I believe the poster roundabout2 is in fact Michael Katz, who is Alex Randolph's nephew. I am pleased to report that differences between Mr. Katz and Mr. Dolezal have been mostly resolved. They are now working together to bring Twixt to the market in 2018. I have invited both of them to participate in this thread.
So, I hope it is appropriate now to mention some possible issues with implementing Twixt on BGA. You can read the rules of Twixt on Wikipedia
and on the Twixt Wiki
. Twixt is already available for real time play on Game Center
and turn-based on Little Golem
(actually a variant called TwixtPP) and on Gamer
z as well as other servers.automatic linking
This is a convenience which makes the game interface much easier for players. Whenever a peg is placed on the board, all legal links to that peg are automatically added by the server. All the Twixt servers I know, with the single exception of the Vassal Twixt module
, use autolinking. Everyone is used to it, and to my knowledge no user has ever complained about it.
But strictly speaking, this could be regarded as a rules modification. It is, after all, the player's responsibility to add links, not the computer's. I could offer an alternative game setting where both players would have to manually add each link to the board. This would not
be the default setting. Anyone who joins such a game should probably be warned that manual linking is invoked, through a popup window that they would have to click OK on before the game starts. But I doubt that two people would ever both deliberately choose to play this way. I would particularly like to know from Mr. Katz if autolinking would be acceptable.resolving drawn positions
One criterion for implementing a game on BGA is, the game must end. Sometimes in Twixt, one player has blocked the other from any possible winning path, but has not himself formed a continuous chain, and is blocked from doing so. You can see a contrived example here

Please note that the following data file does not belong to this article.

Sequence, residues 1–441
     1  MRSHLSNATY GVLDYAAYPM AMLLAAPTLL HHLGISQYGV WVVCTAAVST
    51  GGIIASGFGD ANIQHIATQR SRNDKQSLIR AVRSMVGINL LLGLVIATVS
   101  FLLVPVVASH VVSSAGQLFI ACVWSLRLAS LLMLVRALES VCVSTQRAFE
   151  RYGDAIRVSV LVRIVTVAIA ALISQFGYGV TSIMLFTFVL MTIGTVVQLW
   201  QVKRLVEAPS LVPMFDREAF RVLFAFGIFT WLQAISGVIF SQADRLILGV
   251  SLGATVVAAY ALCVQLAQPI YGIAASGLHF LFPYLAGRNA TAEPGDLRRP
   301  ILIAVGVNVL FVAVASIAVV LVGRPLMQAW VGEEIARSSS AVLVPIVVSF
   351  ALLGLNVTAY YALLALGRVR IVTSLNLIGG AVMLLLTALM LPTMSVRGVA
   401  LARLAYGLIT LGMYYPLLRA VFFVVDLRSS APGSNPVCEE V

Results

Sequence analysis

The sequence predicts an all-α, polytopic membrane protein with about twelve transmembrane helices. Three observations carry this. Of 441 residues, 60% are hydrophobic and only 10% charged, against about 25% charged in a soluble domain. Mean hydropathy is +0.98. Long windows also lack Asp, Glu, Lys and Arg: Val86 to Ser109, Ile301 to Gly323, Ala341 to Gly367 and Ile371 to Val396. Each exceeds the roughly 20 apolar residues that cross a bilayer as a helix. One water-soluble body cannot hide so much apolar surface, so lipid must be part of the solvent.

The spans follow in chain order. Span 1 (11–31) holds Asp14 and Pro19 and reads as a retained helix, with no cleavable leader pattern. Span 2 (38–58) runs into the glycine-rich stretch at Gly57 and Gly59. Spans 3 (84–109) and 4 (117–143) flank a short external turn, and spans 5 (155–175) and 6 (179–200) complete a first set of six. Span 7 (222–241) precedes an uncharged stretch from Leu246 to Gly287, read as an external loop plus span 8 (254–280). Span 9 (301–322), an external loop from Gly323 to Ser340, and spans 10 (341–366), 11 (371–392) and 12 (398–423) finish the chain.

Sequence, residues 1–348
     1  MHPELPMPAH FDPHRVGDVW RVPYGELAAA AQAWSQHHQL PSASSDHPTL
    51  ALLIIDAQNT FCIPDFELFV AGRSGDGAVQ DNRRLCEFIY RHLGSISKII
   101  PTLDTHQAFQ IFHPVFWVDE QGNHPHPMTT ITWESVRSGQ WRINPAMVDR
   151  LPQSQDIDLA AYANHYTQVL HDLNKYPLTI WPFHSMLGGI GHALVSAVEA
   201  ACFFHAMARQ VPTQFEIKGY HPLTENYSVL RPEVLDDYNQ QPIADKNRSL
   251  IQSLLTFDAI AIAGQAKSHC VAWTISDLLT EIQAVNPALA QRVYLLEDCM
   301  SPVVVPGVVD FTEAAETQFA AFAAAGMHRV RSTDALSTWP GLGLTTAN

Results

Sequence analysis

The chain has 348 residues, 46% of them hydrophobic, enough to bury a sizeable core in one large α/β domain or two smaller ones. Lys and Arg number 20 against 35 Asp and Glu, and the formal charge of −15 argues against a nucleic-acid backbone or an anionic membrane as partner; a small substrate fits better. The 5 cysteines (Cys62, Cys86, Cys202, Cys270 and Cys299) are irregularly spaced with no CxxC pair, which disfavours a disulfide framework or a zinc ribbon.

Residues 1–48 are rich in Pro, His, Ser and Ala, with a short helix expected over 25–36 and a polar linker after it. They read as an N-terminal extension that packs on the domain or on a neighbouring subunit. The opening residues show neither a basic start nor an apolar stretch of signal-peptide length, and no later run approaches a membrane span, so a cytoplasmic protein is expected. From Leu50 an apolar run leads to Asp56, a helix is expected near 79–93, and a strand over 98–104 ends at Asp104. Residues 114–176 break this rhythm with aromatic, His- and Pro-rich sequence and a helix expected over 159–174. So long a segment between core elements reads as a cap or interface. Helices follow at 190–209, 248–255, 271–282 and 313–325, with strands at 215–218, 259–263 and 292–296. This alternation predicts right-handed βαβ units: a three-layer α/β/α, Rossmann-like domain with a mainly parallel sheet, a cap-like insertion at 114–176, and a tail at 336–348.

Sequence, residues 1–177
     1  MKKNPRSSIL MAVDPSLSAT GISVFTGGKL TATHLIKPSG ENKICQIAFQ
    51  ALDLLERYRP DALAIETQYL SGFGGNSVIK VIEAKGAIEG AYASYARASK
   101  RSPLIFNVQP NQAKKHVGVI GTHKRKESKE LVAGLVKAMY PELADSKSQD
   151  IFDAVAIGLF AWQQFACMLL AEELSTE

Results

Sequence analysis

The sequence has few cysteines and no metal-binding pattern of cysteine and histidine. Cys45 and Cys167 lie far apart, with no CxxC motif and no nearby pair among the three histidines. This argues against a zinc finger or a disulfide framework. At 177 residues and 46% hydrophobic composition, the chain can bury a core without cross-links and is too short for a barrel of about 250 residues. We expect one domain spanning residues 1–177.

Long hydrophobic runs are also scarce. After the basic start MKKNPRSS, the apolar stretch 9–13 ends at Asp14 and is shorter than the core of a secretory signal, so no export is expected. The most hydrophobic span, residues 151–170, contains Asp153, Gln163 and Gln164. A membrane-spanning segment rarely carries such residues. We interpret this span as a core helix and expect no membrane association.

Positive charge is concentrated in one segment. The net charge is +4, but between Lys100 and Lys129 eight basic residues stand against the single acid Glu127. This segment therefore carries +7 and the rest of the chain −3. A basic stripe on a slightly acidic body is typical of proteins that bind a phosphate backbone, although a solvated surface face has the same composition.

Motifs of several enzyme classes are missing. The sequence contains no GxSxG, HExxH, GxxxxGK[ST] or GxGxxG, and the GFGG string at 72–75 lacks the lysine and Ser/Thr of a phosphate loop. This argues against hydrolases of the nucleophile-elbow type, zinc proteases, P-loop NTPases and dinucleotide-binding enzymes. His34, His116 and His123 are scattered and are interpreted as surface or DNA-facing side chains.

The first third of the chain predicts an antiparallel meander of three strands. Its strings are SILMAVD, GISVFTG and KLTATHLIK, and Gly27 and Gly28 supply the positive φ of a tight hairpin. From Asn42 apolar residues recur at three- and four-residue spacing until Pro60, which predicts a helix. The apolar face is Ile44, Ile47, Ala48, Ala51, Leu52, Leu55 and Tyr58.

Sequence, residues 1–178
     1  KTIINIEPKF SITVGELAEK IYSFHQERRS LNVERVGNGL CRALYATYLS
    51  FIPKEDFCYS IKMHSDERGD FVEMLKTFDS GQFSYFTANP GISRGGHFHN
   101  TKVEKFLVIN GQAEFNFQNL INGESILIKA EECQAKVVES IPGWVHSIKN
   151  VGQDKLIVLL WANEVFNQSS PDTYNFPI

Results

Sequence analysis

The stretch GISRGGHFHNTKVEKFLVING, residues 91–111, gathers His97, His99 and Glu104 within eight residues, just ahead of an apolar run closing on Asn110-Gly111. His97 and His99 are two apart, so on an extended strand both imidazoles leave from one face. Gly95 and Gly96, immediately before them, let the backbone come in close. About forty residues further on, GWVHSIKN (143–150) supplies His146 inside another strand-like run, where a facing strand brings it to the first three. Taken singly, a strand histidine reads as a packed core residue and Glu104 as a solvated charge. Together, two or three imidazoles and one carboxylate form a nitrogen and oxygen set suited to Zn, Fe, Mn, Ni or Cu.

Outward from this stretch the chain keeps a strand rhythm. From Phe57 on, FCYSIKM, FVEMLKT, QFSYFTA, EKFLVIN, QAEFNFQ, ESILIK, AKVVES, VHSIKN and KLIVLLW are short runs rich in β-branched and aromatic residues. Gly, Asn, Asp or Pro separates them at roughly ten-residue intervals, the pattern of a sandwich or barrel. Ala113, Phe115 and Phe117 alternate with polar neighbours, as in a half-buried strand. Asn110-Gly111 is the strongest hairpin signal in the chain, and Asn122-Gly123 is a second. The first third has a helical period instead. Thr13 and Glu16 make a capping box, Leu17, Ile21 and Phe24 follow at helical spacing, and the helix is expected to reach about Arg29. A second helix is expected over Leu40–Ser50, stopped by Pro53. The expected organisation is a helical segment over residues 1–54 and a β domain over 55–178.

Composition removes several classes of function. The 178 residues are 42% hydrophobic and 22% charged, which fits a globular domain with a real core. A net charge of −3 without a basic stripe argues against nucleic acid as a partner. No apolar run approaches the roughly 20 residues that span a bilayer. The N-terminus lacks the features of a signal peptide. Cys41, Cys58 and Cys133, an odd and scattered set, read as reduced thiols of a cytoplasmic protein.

and an actual agreed draw here
. As far as I know, all the other servers deal with this issue by allowing players to propose and to accept a draw. So far, this has worked well.
But what would happen if one player refuses to agree to a draw? Would the game continue for 572 moves? Then what would happen? I have to code the server to recognize a draw. If, at the start of a player's move, all possible winning paths for the opponent have been blocked, a button should appear "claim draw" which would allow that player to end the game as a draw without the opponent's permission. Of course the player should not click this button if there is a win available.
If, at the end of a player's move, both sides are blocked from any winning path, the server should end the game and declare it a draw. This has not been necessary so far on any server because players strong enough to achieve a draw have also been strong enough to agree to a draw before all possible winning paths for both sides have been blocked.
Consider these two examples on a small grid.
The server should claim a draw here. The only winning path for the light color pieces would cross over itself, which is allowed in TwixtPP, but is not possible with a physical set and is not allowed under standard rules.
Here a button should be available to the light color to claim a draw, but that player can win by simply removing the H4-J3 link and adding a link from H3 to i5. So, here's my question.
How should the server resolve this game if the light player refuses to claim a draw or accept a draw offer, and refuses to win by rearranging links?